Posted on February 7, 2014
Trust me, it's a thing! In Cordova, Alaska, the first full weekend of February is the Iceworm Festival, and one of the events is the crowning of Miss Iceworm. Other events include everything from an arts and crafts show and photography competition to a cook off and an ice cream feed. There are competitions in oyster shucking, ping pong, dodgeball, and cribbage; there is a parade, a variety show and a fireworks spectacular!
Cordova bills itself as Alaska's “hidden treasure.” It is a small city on the ocean (the bit of ocean called the Prince William Sound), near the mouth of the Copper River. It's a fishing town, but of course it wants to attract tourists, too. In May, when millions of migrating shorebirds stop near Cordova to rest and feed, Cordova hosts a Shorebird Festival; in the winter, the town fights off the winter blues by hosting the Iceworm Festival!
Some of the events at the festival seem particularly Alaskan. Instead of a “Polar Bear Plunge,” in which the challenge is to “just” jump into the icy ocean waters, Cordova locals have a Survival Suit Race. Locals race to the docks, hurry to don their survival gear, and then dive in and continue racing to a life raft. The Blessing of the Fleet, the purchasing of Shaving Permits from the Keystone Cops, and the Iceworm Tail Hunt are events that make me wonder: what goes on in Cordova this weekend?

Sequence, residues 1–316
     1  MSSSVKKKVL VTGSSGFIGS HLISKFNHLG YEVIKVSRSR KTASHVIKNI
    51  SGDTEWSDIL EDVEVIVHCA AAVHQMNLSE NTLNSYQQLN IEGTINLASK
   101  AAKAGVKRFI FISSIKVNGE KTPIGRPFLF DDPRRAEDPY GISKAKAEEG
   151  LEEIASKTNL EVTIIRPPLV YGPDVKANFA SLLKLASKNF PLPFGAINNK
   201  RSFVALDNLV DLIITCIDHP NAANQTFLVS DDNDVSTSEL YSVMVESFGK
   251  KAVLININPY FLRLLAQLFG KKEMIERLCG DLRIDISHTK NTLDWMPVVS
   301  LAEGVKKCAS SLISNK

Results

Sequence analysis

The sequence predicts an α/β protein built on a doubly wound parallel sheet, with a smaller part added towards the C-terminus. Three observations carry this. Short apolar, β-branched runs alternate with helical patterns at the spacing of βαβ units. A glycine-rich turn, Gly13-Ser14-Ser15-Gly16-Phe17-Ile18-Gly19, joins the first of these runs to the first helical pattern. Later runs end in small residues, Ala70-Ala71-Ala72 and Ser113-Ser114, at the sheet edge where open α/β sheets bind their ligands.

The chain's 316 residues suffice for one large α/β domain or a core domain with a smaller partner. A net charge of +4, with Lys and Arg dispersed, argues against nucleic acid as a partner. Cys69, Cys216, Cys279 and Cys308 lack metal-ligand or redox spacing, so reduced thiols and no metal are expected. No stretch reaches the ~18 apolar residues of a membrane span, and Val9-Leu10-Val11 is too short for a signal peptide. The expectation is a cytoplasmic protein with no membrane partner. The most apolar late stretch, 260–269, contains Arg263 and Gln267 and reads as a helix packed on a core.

And just what are ice worms?
There are a few species of annelid (segmented) worms that spend their entire lives in glacial ice. These ice worms were discovered in Alaska in the late 1800s, but they have since been found in glaciers in British Columbia, Washington, and Oregon as well. Interestingly enough, no ice worms have been found elsewhere in the world, even though there are other glacial regions!
You have probably guessed that ice worms have very special adaptations that allow them to live in such a cold environment. Of course, this means that they can't live in a warmer place. At 5 degrees Celsius (41 degrees Fahrenheit), their cell membranes fall apart, and the worms seem to melt. And, trust me, 5 degrees C (41 degrees F) is NOT warm by human standards!
Ice worms may tunnel through the ice by secreting some sort of anti-freeze chemical, or they may just wriggle through tiny cracks in the ice. They eat snow algae, coming to the surface of glaciers every evening. They are what is known as “sun-avoiders,” however, and retreat underneath the ice before dawn.
Even though ice worms are small—several centimeters (about an inch) long—they can be numerous. A population count on a Washington glacier indicated more than seven billion worms on that glacier alone!
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